Tuesday, March 4, 2014

Stealth

As someone who enjoys fishing small streams, approach is something that must be constantly considered.  I grew up fishing small meadow and woodland streams with my grandfather.   The two things he insisted on when fishing these streams were drab clothing and a stealthy approach.   Drab colored clothing and hats blend well with the surroundings, particularly muted tones of green, brown, grey, and light blue.  On streams where the trout’s only protective advantage is flight, remaining unseen is a necessity.  This is even more challenging in situations where an upstream cast is nearly impossible and the angler needs to use the current to present the fly into protected feeding lanes.  It still surprises me how often I see a picture of an angler wearing a bright red or yellow shirt or hat in an article on fishing small streams.  Brighter clothing may not be so much of an issue on larger rivers where there is greater distance between the angler and the fish or in high gradient streams where it there is a natural “ladder” in the gradient and fishing upstream with a low profile is easily accomplished.  But more often than not that a bright shirt or hat is easily perceived by the fish and they are on the alert to your presence.

Muted tones of green and gray for early spring and late fall - photo courtesy of Alan of Small Stream Reflections

Another consideration is your approach to the stream.  You can’t expect to remain unseen if don’t carefully consider your approach and how you will present the fly.   We often would crawl into position to keep a low profile using trees or brush to hide our approach.  You just can't careless walk up to the edge of a small stream and expected to go unnoticed.  If you are careful and stealthy in your approach you can reduce the distance between you and your fly and more effectively place it where it needs to be.  Once these skills are part of your thinking your approach on larger rivers will improve and you can cut down the distance between you and your target.

So the next time you are thinking about fishing a small stream consider how well  your clothing blends into your surroundings and keep a low profile.  Fish are very adept at picking up movement and color in their surroundings.

8 comments:

  1. Mark
    I couldn't agree more with your comments about stealth when fly fishing. I know on our local tailrace that blended clothing makes a huge different as opposed to bright clothing. This is especially true on pressured waters such as most tailrace fisheries. Thanks for sharing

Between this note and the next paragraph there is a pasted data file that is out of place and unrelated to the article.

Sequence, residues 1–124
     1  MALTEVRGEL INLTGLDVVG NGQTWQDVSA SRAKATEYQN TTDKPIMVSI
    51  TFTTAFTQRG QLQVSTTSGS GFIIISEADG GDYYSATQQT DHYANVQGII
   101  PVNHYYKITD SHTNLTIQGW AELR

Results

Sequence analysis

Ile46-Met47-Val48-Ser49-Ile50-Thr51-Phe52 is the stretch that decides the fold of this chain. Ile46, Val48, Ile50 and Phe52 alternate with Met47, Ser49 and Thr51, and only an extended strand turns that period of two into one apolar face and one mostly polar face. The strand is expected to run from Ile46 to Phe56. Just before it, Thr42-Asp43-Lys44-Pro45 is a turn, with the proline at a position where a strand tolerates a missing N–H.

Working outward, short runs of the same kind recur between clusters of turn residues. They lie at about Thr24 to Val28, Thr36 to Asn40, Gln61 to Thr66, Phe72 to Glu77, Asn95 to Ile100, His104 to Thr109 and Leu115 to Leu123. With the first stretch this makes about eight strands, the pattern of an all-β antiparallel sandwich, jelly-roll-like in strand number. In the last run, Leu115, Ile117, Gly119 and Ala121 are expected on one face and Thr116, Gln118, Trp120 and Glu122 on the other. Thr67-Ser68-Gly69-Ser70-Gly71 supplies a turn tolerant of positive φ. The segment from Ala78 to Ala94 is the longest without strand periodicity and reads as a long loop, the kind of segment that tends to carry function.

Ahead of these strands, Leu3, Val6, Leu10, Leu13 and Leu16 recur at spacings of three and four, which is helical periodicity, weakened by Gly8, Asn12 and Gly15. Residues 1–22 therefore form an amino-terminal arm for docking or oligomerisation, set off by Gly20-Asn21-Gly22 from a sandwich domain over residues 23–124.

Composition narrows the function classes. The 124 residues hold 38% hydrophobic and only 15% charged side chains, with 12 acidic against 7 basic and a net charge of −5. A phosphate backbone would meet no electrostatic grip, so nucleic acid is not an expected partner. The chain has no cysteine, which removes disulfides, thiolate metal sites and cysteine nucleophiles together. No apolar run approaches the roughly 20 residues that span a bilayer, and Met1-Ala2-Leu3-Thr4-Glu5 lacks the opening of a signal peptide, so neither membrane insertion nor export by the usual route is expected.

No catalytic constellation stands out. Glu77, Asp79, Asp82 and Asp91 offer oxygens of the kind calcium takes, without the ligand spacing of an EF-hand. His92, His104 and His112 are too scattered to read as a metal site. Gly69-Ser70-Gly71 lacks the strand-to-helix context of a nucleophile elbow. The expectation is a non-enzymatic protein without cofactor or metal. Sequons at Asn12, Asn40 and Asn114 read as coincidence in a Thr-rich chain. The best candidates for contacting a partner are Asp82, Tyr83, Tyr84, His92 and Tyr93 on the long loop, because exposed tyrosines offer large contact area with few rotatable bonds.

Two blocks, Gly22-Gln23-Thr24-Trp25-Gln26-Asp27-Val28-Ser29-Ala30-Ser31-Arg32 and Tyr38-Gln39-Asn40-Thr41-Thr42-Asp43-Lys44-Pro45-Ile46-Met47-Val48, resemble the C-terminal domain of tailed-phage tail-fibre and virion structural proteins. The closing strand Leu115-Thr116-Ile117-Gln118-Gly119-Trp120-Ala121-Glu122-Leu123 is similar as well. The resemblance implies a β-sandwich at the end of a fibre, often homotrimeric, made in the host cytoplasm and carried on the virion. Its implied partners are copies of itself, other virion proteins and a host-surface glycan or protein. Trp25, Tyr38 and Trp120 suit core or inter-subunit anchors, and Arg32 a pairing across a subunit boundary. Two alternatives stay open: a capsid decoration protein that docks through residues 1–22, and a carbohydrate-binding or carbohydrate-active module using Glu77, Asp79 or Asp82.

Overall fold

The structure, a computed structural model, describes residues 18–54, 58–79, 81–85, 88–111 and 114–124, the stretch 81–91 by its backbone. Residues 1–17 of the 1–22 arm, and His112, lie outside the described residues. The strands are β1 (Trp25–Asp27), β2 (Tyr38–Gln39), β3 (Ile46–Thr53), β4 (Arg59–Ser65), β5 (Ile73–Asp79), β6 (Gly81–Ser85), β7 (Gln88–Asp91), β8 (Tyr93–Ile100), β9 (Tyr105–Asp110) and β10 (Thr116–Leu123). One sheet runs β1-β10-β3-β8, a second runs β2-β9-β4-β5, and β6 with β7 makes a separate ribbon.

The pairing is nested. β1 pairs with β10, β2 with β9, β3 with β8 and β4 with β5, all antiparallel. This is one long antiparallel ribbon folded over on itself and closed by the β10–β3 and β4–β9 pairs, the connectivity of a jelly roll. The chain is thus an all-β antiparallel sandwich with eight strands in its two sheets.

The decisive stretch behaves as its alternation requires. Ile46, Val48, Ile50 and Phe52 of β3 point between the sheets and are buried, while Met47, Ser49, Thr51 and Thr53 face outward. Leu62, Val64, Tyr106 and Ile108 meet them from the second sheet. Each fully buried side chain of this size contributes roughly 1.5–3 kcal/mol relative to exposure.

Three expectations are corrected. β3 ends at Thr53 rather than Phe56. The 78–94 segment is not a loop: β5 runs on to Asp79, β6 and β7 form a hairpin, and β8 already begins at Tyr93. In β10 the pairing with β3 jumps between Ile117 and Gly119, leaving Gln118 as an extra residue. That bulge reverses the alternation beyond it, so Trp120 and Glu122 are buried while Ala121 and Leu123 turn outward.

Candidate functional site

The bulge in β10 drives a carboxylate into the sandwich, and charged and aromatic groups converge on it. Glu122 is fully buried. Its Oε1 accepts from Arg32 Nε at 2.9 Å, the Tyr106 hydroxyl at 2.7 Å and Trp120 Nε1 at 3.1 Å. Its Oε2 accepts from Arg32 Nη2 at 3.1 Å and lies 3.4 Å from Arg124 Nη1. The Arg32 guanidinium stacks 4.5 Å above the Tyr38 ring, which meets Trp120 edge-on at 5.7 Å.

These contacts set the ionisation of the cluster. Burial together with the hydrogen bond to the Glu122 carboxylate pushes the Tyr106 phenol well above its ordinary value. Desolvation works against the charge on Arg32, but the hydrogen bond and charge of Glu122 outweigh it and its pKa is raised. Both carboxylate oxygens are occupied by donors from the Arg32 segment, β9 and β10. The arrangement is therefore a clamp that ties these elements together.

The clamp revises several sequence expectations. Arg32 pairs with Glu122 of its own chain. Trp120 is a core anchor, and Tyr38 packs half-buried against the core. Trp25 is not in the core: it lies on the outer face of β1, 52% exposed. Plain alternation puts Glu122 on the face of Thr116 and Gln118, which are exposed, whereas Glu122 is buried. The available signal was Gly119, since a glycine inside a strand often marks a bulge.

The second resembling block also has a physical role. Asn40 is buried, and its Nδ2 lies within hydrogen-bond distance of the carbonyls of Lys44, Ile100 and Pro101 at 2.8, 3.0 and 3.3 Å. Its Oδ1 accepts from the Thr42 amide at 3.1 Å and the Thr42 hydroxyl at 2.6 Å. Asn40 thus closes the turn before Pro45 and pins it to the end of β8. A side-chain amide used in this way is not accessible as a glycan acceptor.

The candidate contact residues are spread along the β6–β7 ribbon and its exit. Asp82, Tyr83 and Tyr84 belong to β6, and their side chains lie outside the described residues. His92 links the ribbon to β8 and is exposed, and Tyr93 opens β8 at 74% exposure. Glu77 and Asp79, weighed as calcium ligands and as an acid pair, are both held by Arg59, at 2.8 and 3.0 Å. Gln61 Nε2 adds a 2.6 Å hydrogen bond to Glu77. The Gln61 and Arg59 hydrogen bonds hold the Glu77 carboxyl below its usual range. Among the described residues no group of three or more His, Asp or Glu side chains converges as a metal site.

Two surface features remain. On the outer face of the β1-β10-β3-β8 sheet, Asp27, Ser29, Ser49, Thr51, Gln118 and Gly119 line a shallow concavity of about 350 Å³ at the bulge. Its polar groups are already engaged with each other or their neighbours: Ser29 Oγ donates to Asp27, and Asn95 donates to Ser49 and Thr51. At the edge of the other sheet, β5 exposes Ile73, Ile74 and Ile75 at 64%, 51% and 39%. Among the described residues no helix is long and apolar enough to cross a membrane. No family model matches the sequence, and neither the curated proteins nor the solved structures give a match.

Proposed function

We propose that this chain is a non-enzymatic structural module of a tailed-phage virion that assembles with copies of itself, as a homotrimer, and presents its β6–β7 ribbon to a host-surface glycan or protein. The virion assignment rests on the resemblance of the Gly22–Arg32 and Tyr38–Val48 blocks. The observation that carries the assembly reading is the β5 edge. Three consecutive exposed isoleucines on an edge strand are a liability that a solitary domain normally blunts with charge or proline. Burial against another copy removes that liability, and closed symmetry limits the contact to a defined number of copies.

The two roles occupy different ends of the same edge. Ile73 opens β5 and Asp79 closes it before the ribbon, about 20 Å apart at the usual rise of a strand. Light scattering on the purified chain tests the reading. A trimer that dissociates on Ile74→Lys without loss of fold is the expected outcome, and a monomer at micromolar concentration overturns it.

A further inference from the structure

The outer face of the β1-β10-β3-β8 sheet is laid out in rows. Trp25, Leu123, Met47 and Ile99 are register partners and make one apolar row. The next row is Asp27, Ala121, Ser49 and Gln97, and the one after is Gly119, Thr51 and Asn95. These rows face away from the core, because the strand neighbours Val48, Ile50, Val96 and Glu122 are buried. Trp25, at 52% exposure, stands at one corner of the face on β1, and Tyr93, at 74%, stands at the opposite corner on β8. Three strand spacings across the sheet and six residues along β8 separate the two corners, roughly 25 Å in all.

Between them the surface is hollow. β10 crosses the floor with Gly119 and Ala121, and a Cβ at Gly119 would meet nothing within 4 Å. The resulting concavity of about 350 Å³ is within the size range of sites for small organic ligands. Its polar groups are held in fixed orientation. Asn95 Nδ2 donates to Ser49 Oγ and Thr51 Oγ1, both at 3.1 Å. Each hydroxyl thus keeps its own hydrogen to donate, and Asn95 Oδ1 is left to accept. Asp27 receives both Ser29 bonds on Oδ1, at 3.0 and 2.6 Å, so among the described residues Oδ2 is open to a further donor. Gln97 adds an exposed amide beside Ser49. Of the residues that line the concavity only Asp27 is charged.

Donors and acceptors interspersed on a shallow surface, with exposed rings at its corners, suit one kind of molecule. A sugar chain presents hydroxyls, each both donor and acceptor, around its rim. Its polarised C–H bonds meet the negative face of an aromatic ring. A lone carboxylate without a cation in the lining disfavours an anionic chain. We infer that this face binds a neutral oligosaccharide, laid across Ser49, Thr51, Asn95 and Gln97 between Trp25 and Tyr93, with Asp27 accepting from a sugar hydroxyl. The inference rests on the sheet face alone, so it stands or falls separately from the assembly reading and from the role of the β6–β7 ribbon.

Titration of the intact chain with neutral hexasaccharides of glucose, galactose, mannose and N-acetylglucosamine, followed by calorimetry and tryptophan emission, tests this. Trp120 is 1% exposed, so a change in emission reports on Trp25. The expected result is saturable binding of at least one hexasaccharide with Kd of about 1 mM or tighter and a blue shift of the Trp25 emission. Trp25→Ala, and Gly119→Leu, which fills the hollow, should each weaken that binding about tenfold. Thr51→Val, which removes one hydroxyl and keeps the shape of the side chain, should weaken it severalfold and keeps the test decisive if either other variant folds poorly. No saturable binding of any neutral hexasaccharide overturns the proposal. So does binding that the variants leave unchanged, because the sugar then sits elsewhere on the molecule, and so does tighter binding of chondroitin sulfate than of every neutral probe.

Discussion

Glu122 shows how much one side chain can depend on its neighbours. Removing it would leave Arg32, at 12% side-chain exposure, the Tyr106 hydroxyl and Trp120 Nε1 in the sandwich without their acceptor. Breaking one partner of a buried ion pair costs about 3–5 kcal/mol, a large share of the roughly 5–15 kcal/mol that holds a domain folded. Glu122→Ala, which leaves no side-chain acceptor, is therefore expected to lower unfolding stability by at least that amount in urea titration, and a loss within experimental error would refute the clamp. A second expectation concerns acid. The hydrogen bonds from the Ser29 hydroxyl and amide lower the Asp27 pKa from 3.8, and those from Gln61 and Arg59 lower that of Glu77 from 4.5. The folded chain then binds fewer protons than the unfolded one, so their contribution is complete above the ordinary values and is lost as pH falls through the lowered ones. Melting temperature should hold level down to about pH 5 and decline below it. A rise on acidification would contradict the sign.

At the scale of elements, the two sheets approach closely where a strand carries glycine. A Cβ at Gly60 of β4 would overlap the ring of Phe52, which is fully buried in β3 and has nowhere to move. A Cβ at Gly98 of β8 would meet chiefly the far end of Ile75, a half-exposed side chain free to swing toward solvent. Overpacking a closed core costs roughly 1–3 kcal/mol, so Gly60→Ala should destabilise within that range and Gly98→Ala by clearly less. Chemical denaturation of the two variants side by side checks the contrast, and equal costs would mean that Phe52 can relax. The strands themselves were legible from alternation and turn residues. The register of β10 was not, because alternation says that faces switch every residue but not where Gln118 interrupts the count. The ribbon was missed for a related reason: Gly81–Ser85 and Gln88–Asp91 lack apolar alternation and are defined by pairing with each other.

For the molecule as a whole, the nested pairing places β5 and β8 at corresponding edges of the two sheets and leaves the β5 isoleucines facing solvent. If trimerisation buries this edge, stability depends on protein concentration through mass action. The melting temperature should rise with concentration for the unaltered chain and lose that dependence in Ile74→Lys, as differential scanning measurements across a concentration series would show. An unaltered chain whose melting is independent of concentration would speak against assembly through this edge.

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  2. Bill that's for your comments, it seems obvious but I see photos in books and magazines that really make me wonder sometimes

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  3. You have hit the nail on the head with this post. Small stream fishing absolutely requires stealth. I remember last year fishing an upper section of the Carman's River where I spent 25 minutes carefully moving up stream to group of feeding brook trout only to watch them scatter when I simply raised my rod. Trout are very aware of their surroundings and pursuing them in small streams necessitates stealth.

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    1. Thanks for your comments Kiwi, fishing small streams is indeed a stealthy buisness!

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  4. Your advice is spot on in any branch of angling. Another aspect of stealth that could do with almost universal improvement is with our gear. That glossy rod acts like a heliograph on even the most dull and overcast days. The light coloured fly line that is so easy to watch on the water is another source of unnatural and sudden brightness during the casting process. Fish don't even need to see the line to be aware of something causing the light values to rapidly change (just like the flash of a diving piscivorous bird) this causes an instant response from the fish and reduces the angler's chances to nil. One little fish scared, running upstream will alert a dozen bigger fish and the pool will seem to be empty where only moments ago there were a dozen rising!

    Yours is a lovely blog, always worth reading...

    RR

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    1. Rod - well said! I didn't mention rod finish or fly line color at all. I use green and brown colored rods but the high gloss finishes are a problem. I also use olive color fly lines and avoid the bright orange, green and white lines that are very popular these days.

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  5. Good points all Mark.
    I have always worn black or olive green. Trout also have a lateral line on their body which will detect you long before your seen....walk softly.
    Where your standing in that photo, if you were there now you would have to wearing all white.

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  6. Alan - Good point about being quiet as well! When there is snow on the ground, the darker colors still blend with the gray trees (on woodland streams) which is probably more of what the fish actually see than the ground so I don't think we need to invest in "snow camo" just yet but... if we have another winter like this one maybe it would be worth it since we will be wearing it for 4/5 months of the year!

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